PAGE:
The integration of new CO2 capture and storage technologies in energy generation processes has led to the development and research in oxy-fuel combustion. In this technology, the carbon footprint is reduced if the fuel comes from a renewable source such as bio-oil (pyrolysis oil derived from biomass). This is a subject of growing interest. In this manuscript, we show bio-oil characterization using advanced techniques to elucidate the presence of oxygenated groups and aromatic compounds. We report that the presence of CO2 present in oxy-fuel environments modifies the thermal behavior of pyrolysis oils derived from sugarcane. At temperatures between 400°C and 700°C under CO2 atmosphere, there is evidence of reactions induced by the presence of CO2 modifying the behavior of carbonization reactions as crosslinking, aromatization, and condensation. The presence of CO2 likely induced a pH reduction. The chemical composition of char samples obtained at 400 °C and 700 °C were analyzed using FTIR and Thermal Analysis. These analyzes, allowed to elucidate the role of CO2 in carbonization. It was found that the cleavage of functional groups corresponding to the oligomers of lignin present in the bio-oil is strongly influenced by the presence of CO2. The presented results show that in CO2 atmospheres several new functional groups were observed in the char after carbonization processes. The phenomena observed were explained by the interactions of carbon dioxide with the oxygenated compounds in the solid phase formation at temperatures close to 400 °C.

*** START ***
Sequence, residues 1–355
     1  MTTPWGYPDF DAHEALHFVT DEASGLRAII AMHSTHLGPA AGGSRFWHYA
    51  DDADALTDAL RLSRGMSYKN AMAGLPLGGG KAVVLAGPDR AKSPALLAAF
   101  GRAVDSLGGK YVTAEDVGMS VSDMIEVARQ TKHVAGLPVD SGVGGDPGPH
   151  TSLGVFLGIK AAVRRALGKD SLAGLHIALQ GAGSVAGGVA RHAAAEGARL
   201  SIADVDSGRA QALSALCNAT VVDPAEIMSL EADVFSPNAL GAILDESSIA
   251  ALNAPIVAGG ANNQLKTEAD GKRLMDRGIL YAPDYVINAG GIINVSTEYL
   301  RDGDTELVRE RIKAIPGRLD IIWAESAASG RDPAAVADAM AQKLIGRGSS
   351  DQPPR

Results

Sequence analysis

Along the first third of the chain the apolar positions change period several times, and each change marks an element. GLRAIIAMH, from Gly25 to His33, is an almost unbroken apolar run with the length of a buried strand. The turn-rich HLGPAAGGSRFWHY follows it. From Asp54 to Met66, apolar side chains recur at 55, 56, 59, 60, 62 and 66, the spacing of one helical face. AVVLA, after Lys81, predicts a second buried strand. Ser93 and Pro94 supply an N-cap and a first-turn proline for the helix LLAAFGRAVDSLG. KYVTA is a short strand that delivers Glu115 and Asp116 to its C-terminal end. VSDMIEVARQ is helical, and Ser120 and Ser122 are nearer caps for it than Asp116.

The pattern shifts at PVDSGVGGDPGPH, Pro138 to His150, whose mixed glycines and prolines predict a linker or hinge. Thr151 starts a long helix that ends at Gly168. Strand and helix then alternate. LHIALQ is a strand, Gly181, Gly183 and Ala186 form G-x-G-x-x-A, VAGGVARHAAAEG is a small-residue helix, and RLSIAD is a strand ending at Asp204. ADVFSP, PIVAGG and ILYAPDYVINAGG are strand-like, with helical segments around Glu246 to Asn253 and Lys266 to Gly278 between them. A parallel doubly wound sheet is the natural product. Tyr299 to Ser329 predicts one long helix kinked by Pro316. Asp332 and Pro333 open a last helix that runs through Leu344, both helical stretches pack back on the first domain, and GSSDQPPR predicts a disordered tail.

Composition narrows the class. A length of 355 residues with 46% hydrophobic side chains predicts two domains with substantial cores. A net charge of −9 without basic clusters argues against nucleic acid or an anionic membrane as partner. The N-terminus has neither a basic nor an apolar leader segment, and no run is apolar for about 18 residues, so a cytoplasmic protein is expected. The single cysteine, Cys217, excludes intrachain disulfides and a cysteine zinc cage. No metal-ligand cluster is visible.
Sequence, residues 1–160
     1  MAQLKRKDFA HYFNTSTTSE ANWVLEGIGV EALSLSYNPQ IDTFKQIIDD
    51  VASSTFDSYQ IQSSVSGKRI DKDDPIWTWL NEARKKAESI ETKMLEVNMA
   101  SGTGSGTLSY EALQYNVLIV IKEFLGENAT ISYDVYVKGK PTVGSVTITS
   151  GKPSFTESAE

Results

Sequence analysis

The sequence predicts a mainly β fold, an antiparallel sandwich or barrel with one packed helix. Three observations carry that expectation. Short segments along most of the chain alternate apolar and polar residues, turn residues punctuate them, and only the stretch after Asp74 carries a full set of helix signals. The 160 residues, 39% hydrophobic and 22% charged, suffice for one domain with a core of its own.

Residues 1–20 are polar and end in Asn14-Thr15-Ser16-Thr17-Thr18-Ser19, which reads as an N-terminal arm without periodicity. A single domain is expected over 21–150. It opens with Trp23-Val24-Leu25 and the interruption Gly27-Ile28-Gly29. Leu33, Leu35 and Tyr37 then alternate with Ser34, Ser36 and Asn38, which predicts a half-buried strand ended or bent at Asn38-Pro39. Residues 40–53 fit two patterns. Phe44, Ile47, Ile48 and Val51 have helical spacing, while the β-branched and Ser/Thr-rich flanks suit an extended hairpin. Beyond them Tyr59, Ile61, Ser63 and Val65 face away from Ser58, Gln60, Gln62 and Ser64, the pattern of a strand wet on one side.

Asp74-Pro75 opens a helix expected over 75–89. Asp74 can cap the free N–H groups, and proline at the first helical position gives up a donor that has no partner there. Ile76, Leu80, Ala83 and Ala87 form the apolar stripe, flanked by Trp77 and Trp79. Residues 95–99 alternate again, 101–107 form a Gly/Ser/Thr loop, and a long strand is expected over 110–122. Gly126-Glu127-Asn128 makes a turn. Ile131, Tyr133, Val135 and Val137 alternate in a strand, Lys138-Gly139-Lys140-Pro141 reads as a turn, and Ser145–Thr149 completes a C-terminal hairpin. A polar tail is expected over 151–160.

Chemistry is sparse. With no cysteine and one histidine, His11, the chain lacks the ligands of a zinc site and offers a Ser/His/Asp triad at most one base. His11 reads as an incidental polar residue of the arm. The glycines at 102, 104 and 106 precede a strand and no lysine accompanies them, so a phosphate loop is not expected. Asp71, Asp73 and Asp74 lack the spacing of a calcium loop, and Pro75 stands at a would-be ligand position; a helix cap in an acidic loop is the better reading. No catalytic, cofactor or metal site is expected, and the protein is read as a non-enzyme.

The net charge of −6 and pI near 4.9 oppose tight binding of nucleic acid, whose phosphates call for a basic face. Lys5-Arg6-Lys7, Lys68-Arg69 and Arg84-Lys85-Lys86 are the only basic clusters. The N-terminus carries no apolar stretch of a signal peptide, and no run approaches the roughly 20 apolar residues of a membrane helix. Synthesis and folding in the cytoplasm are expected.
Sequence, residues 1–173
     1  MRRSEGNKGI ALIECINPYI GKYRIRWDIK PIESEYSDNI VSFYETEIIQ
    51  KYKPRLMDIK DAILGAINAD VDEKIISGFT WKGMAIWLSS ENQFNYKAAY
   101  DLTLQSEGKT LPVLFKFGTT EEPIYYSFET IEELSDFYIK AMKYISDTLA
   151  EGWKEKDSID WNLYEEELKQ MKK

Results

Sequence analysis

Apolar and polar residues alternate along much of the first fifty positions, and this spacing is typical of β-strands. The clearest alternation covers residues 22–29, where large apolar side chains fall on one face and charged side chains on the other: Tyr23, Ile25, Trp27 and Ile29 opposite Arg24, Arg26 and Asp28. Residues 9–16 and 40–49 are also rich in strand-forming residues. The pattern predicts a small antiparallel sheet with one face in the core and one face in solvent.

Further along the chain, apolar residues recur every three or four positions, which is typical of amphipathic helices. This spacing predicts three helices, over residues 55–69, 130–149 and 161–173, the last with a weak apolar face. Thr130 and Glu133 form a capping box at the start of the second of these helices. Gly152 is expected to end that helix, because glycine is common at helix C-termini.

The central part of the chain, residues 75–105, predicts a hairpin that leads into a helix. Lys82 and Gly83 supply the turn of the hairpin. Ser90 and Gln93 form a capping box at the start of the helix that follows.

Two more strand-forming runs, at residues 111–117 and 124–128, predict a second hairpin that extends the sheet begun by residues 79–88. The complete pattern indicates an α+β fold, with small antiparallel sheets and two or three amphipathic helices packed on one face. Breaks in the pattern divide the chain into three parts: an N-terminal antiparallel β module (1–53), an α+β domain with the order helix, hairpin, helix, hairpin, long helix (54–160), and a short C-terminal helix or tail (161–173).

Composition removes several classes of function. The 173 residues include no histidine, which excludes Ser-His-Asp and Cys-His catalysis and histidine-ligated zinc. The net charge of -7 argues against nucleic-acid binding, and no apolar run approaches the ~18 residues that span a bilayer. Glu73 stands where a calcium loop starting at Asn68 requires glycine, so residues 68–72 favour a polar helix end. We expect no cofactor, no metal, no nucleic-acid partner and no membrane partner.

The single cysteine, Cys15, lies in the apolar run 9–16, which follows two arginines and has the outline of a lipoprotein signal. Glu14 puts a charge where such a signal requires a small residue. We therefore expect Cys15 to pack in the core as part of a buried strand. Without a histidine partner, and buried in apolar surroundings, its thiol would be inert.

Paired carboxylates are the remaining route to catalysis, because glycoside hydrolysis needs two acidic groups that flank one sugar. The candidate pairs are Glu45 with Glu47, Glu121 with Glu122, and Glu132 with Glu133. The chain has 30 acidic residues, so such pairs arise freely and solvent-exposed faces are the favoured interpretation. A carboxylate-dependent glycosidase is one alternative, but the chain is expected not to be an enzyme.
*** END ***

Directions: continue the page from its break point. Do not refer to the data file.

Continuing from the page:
|Original language||English (US)|
|Journal||Journal of Analytical and Applied Pyrolysis|
|State||Published - Jan 18 2021|
Bibliographical noteKAUST Repository Item: Exported on 2021-02-02
Acknowledgements: The authors wish to thank the Colciencias-Doctorados Nacionales 757-2016 fellowship and the project “Strategy of a transformation of the Colombian energy sector on the horizon 2030” funded by call 788 of the Colciencias Scientific Ecosystem. Contract number FP44842-210-2018. This work was partially performed at King Abdullah University of Science and Technology (KAUST) Clean Combustion Research Center (CCRC) with funding from the KAUST Center Applied Research Fund (CARF). This research used resources of the Core Labs of King Abdullah University of Science and Technology (KAUST).